The minute David Perdue won the Republican primary in Georgia, Democrats hit send on an email attacking his business career. At nearly 2,500 words, the blast arrived in my inbox from American Bridge, a liberal opposition research firm, outlining the jobs Perdue had cut and outsourced as a business executive. “Georgia, Meet Mitt Romney Lite,” was the headline.
Voters say they want politicians with a business background. In a recent Gallup poll, 81 percent responded that the country would be better governed if more people with business and management experience were elected. Voters prioritized that attribute far above every other. But that finding may only be a sign of the chasm between campaigning and governing, because while voters may like the idea of electing executives who have experience making tough decisions, campaign strategists see an opportunity to use those same decisions to portray candidates as callous, out-of-touch, and ignorant of middle-class needs.
In Georgia, Democrats are using the Romney boogeyman in an echo of the campaign the Obama team used to win the 2012 presidential election. That’s hardly surprising. What is more surprising is that Republican campaigns across the country are adopting the same Obama tactics against Democrats.
In Wisconsin, Gov. Scott Walker has been attacking the business record of his opponent, former Trek bicycle executive, Mary Burke. The Walker campaign ran an ad claiming that Burke made millions by shipping jobs overseas to countries where the minimum wage was as low as $2 an hour. Walker says it’s hypocritical since Burke is pushing for a minimum wage hike in Wisconsin. Another ad labels her an “outsourcer” and spells her name “Mary $ Burke.” President Obama and his allies made similar claims about Romney. Walker claimed Trek paid no corporate income taxes, an echo of Sen. Harry Reid’s unfounded smear about Romney.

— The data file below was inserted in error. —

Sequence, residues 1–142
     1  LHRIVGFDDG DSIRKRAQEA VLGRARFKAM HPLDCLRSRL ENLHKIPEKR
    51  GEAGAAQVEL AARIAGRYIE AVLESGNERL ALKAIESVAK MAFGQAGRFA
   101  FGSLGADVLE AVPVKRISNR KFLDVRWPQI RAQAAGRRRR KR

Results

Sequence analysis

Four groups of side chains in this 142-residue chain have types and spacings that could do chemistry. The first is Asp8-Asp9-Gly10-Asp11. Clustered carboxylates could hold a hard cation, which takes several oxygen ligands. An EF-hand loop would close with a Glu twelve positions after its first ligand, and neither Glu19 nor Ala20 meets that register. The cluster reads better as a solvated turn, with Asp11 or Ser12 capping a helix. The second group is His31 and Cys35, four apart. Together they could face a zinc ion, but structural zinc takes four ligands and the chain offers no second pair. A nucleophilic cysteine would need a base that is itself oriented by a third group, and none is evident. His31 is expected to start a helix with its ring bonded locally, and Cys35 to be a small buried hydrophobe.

Burke’s brother responded on behalf of the company in a full-page newspaper ad. He said he and not his sister, who ran the European division of the company, made decisions about where to locate jobs. Trek employs 1,000 workers in Wisconsin and 800 people outside the country, according to the company. Burke has tried to turn the attacks against Walker, saying that if he understood the way business works, he would understand that Wisconsin companies like Trek and Harley-Davidson need to manufacture around the world and that Trek pays taxes like many other businesses, where the owners pay taxes on the company’s profits as individuals rather than through corporate taxes.
A candidate’s business record is totally fair game, but attacks on business activity can quickly melt into a general attack on wealth. That’s certainly happening in Wisconsin. The state’s GOP is calling Burke “Millionaire Mary,” says she is a member of the “1 percent,” and posted pictures of her second home on a website devoted to making an issue of her wealth. In Pennsylvania, Republicans have also stapled net worth to the Democratic candidate for governor, who they refer to as “Millionaire Tom Wolf.”
These attacks are not subtle. Using dollar signs, bags of money, and millionaire as a pejorative plays to gut level resentments about wealth. “What’s good for the goose is good for the gander,” says a campaign strategist involved in GOP opposition research. But the question for Republicans who use these tactics is not whether they are fair—rather the issue is one of ideological consistency. These attacks buy into and seek to profit from the idea that there is something immediately suspicious about a person of wealth. Usually conservatives label those tactics as un-American, charging that such appeals are seeking to penalize success.